Gender and the state

A white knight
A white knight

Polite Ire looks at the links between gender and the state, arguing that masculinity is constructed in the image of the state.

Submitted by Joseph Kay on March 13, 2012

Politics is dominated by men. Indeed when David Cameron was accused of being sexist, he responded at the next PMQs by ensuring there were a number of female MPs sat behind him, presumably in an attempt to show that women were represented in his government. However, women hold only 16% of government seats, and only 22% of parliamentary seats as a whole. Despite equality legislation, despite the ability of individual women to work within the parliamentary system, as a whole the structure remains dominated by men – a state of affairs that is entirely predictable given the socialised gender norms discussed in part 1.

When Cynthia Enloe theorises women in politics she points to the evidence of socially created gender norms, however she does so in a manner that continues to accept the division of masculinity and femininity between the sexes – i.e. women need to be involved in politics in order to bring feminine views to this otherwise masculine sphere. This analysis would suggest that political structures continue to be male dominated because men have traditionally held power and wish to keep women subservient, and thus it follows that gender inequality can be solved by more female representation within political institutions. She writes:

the conduct of international politics has depended on men’s control of women (Enloe p.4)

While on the surface this seems a plausible explanation for a patriarchal structure, i.e. that men create structures to further their own interests, it also implies that men have constructed gender roles for women, and thus fails to appreciate that the gender role of men is also a product of social construction. In other words her argument suggests that men have agency because of… the agency of men! By recognising that the creation of gender norms is far more complex than attributable to the agency of men, we must also question why masculine traits are regarded as political attributes.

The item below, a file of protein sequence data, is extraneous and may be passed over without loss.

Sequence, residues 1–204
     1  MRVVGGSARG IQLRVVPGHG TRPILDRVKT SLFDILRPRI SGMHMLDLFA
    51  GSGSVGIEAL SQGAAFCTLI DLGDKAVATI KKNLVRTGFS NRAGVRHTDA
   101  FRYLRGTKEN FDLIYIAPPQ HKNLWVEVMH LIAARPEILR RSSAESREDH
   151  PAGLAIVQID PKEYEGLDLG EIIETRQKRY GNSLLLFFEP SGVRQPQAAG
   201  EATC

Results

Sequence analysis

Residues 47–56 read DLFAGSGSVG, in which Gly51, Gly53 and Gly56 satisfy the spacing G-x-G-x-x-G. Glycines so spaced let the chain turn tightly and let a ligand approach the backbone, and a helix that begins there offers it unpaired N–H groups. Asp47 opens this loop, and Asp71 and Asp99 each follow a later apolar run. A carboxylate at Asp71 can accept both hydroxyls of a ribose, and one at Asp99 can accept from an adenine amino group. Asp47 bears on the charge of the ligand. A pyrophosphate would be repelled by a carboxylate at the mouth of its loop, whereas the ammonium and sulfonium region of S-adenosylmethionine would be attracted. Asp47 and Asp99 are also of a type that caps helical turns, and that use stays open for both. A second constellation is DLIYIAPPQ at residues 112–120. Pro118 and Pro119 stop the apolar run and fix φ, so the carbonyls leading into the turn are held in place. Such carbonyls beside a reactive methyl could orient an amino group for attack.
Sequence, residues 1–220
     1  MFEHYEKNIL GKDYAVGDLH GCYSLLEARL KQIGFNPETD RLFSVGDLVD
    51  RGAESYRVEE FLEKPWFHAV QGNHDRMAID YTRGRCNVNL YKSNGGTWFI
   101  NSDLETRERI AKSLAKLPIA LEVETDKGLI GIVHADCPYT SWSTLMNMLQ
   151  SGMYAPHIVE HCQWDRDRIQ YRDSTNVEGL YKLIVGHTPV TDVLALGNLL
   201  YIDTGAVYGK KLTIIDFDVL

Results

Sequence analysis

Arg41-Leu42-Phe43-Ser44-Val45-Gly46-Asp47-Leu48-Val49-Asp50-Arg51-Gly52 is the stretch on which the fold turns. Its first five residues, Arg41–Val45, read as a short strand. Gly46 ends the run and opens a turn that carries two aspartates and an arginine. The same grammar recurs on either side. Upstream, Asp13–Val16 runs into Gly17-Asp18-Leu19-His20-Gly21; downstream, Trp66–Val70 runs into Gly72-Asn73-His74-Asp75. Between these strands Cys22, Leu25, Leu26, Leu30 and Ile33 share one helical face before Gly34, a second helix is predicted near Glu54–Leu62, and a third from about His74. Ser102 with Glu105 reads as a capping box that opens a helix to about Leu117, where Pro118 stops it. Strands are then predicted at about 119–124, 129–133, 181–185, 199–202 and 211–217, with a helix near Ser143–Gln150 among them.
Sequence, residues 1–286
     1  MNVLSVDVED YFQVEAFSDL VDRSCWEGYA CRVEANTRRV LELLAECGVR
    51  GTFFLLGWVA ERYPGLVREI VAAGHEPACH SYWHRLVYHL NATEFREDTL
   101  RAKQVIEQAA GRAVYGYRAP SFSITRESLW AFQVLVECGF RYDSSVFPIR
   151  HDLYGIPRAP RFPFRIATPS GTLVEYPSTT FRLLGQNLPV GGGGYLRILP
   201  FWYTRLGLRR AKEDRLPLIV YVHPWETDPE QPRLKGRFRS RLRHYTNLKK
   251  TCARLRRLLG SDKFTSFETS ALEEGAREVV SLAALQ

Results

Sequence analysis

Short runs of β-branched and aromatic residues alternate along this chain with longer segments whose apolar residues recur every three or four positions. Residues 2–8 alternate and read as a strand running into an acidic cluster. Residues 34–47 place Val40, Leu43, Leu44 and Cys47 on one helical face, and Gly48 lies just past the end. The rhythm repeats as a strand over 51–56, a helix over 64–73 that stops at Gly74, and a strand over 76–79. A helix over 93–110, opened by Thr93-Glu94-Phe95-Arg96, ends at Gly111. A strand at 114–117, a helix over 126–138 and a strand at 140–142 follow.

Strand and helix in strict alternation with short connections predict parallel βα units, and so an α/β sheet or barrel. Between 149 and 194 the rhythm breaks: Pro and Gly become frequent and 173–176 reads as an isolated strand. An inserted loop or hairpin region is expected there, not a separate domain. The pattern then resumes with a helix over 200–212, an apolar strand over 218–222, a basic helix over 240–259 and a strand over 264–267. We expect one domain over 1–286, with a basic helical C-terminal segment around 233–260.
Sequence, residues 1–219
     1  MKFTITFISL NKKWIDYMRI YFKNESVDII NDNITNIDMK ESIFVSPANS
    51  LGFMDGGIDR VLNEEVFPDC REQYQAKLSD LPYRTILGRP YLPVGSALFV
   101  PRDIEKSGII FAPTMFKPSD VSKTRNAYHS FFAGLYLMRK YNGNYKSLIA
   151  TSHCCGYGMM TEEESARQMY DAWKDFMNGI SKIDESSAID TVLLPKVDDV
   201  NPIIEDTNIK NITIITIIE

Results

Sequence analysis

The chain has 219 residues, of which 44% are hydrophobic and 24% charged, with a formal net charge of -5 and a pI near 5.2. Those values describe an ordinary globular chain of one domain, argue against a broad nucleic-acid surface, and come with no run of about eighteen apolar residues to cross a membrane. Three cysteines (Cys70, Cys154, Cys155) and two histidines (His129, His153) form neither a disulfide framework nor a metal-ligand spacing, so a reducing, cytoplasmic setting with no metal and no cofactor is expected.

The binary nature of gender stereotyping is paralleled in Machiavelli’s The Prince. In this he writes of dichotomous qualities that bring either success or failure to a Prince, these most notably (for our purpose here) include effeminate and weak versus fierce and bold. But stereotypical gender qualities can be read into others, including: generosity/greed; cruelty/mercy; and lasciviousness/chastity. For Machiavelli’s Prince, success is determined by the qualities he possesses, and it is notable that the statesman who embodies the qualities we more regularly attribute to men is the statesman who enjoys success. Could it therefore be claimed that the functioning of the state system requires the gendered division of human attributes? When theorists of international politics suggest that the ‘masculine’ state is a reflection of human society, are they correct in their labelling of the cause and effect, or could in fact our gendered societies reflect the requirements of a state system?